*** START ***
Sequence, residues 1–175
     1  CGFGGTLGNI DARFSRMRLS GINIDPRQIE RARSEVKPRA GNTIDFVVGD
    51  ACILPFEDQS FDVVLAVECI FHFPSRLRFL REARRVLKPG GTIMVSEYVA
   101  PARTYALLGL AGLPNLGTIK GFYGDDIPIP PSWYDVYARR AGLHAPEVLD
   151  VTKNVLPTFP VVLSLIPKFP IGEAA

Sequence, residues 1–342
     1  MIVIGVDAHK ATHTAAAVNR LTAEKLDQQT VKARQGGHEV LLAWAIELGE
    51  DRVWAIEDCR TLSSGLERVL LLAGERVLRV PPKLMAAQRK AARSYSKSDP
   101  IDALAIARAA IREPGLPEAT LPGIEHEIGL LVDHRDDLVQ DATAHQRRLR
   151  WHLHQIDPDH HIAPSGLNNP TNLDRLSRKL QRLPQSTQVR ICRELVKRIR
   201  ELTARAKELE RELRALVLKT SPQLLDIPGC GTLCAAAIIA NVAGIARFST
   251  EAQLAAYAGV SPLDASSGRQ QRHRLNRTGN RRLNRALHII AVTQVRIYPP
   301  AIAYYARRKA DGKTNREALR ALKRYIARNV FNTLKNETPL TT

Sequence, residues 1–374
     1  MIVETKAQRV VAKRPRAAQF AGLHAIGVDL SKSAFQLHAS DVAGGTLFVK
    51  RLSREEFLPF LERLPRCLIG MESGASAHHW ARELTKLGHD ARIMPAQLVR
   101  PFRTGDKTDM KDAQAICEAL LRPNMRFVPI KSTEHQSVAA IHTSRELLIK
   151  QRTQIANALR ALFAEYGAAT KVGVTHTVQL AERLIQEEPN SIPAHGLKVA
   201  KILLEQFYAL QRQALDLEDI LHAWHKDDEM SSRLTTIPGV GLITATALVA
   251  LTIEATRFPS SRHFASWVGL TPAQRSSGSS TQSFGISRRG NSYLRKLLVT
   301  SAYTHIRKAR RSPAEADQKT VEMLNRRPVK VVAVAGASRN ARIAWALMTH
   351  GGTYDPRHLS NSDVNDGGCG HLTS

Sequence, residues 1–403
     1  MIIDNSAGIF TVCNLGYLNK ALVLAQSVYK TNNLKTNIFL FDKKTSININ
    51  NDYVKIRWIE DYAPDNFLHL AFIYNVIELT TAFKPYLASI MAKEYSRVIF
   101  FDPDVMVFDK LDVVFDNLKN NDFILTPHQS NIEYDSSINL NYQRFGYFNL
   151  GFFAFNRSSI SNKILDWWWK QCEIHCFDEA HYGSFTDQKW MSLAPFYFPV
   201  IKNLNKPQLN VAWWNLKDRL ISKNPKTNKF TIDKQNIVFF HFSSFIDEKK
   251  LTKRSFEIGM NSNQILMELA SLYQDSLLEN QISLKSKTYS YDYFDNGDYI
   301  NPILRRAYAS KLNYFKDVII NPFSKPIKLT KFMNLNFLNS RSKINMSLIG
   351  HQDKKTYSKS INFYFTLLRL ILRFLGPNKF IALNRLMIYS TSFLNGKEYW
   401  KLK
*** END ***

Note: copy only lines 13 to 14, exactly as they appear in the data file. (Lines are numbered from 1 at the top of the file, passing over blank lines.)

   301  AIAYYARRKA DGKTNREALR ALKRYIARNV FNTLKNETPL TT

Sequence, residues 1–374